Gus Van Sant’s Gerry is an homage to the power of landscape: the camera endlessly pans slowly over deserts and mountains in a series of long takes (the film averages a staggering sixty seconds between cuts) that emphasize the vastness and imperturbability of the environment in which the movie’s two protagonists find themselves lost. Stitching together scenes shot in California, Utah, and Argentina, with a range of different terrains from scrubland to canyons to saltpan, Gerry unfolds an almost mythical panorama of inhospitable (perhaps better, indifferent) grandeur. The two would-be adventurers who traipse through the frame are doubly lost: not only do they have not the slightest idea of where they are and where they are headed; also they have increasingly to recognize their insignificance against this magnificent natural backdrop.
And yet the film is also touchingly human. For it is equally, and perhaps even more importantly, the depiction of a friendship.
We first meet the two young men (played by Matt Damon and Casey Affleck) in a long opening sequence in which they are driving through what looks to be the US Southwest. Arvo Pärt’s sparse piano music sets a stately, unhurried mood. Inside the car, neither occupant talks to the other. It’s only later that we realize that they don’t talk because they don’t need to talk: nothing needs to be said. Theirs is a silence of long mutual familiarity.
When the couple do speak, it is in a short-hand born of what is evidently a history of in-jokes that have created something like a private language. They both call each other “Gerry,” but also use “gerry” as a verb with multiple meanings. It’s as though English had too many superfluous words, and they feel they can get by with a pared-down version of the language. Yet their idiolect hardly lacks creativity and humor: they happily come up with neologisms such as “dirt blanket” and “shirt basket” as they try to figure a way out of a predicament in which one of them finds himself stuck on a prominent rock.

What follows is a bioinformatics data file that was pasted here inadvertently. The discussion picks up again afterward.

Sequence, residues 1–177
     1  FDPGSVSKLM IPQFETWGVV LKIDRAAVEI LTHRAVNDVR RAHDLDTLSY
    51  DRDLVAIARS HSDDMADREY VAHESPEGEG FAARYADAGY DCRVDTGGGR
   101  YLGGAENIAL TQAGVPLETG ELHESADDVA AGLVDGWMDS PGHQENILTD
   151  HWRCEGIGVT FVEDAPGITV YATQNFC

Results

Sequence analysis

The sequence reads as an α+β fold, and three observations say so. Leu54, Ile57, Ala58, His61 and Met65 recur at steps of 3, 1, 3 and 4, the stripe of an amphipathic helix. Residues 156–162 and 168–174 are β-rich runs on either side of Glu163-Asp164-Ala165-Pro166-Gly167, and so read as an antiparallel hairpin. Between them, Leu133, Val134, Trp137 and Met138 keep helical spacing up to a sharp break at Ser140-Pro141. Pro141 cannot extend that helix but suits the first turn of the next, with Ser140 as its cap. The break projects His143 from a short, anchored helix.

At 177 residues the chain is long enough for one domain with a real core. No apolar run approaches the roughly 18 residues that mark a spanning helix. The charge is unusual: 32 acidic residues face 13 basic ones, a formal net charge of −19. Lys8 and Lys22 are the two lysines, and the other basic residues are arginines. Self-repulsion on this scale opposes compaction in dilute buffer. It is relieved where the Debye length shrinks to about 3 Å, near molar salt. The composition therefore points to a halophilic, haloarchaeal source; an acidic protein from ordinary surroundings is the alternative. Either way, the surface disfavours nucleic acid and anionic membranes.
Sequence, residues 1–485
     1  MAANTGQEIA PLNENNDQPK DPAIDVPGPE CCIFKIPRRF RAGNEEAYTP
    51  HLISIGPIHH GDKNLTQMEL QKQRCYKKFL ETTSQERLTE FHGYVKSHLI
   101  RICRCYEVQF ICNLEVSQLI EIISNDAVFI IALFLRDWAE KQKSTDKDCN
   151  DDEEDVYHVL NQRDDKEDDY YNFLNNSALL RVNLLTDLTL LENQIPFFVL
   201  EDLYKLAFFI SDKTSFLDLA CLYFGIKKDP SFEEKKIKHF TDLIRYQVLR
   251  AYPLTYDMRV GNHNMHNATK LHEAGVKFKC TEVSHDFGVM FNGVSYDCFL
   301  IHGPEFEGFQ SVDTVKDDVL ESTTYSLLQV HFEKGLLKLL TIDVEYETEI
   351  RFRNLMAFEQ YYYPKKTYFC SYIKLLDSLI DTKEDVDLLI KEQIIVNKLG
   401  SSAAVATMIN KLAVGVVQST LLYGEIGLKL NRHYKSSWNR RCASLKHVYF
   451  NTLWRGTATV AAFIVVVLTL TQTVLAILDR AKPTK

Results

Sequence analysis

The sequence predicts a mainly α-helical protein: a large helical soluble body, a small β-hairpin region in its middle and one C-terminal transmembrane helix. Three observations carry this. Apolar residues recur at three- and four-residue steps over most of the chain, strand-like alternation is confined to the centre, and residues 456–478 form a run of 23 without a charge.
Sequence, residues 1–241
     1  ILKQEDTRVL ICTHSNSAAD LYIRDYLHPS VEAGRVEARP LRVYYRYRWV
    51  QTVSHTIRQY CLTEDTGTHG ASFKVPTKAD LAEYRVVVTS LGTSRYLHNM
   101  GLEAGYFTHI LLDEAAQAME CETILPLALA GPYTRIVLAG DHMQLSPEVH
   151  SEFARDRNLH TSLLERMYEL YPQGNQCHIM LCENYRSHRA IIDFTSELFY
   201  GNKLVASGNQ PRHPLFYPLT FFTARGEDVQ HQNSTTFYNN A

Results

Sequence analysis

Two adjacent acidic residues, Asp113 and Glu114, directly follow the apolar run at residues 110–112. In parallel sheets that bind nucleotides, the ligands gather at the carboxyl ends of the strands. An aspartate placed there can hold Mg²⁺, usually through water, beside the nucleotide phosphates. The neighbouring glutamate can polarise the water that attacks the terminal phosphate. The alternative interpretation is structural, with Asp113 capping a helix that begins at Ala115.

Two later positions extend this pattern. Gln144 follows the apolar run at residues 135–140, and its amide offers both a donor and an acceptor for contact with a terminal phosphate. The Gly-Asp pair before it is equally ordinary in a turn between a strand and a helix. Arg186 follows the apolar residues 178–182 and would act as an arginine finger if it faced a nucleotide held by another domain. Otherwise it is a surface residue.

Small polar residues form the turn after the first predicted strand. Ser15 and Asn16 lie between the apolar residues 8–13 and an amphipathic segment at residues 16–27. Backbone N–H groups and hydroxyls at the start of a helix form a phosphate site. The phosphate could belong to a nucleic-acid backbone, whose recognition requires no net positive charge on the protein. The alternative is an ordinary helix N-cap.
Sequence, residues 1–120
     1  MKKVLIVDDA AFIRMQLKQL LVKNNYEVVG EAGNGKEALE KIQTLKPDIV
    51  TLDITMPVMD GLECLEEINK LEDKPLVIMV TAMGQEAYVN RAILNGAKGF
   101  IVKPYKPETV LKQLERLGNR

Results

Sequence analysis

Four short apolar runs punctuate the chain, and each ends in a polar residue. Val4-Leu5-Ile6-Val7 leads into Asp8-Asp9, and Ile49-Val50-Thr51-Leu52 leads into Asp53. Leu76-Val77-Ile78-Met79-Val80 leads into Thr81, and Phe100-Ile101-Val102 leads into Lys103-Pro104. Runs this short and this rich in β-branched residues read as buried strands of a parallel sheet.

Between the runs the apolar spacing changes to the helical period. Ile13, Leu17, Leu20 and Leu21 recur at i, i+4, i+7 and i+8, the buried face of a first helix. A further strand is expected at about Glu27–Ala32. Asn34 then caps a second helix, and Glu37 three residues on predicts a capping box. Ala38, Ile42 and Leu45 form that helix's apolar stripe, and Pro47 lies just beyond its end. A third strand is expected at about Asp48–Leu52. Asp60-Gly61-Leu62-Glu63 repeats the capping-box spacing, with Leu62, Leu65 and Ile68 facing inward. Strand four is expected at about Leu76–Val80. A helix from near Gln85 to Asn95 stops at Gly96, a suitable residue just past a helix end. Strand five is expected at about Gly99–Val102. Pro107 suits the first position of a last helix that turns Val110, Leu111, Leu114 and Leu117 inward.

They refer to their initial objective, for which they’ve set out on this journey in the first place, as “the thing.” But the point of their jaunt in the country seems to be more mutual silent companionship than any well-defined telos: soon enough they abandon their half-hearted quest, because the thing is just a “thing” after all. It’s not then as though they see more importance to the objects to which words are rather precariously attached. What’s important is a shared affect that lies somewhere between words and things, between their deliberately curtailed discourse and the thing itself.
It’s on the return from their soon-abandoned mission to find the thing that they gradually realize that they are lost, and increasingly so with every attempt to extricate themselves from their predicament. But this realization doesn’t bring with it any reminiscence, confession, or reflection on their lives together or alone. They exchange anecdotes about TV shows or video games. And at the one point at which recrimination or blame seems about to surface, it’s defused with the simplest of ironic denunciations: “Fuck you,” says one Gerry to the other. “Fuck you,” the other replies. And then they walk on, still together.
Even at the last, they maintain an understated humour. The two are lying side by side in the middle of a salt desert whose featureless whiteness carries echoes of polar ice. This could be a contemporary reworking of the last moments of Scott’s doomed Antarctic expedition. And one says to the other: “How do you think the hike’s going so far?” “Very good,” the other replies. What follows shortly thereafter is a final embrace whose very finality, we know without (now) needing to be told, is going to haunt the one Gerry who survives the experience for as long as he lives.
See also Thomas Clolus, “Gerry, ou le corps Deleuzien de Gus Van Sant”.
YouTube link: the film’s trailer.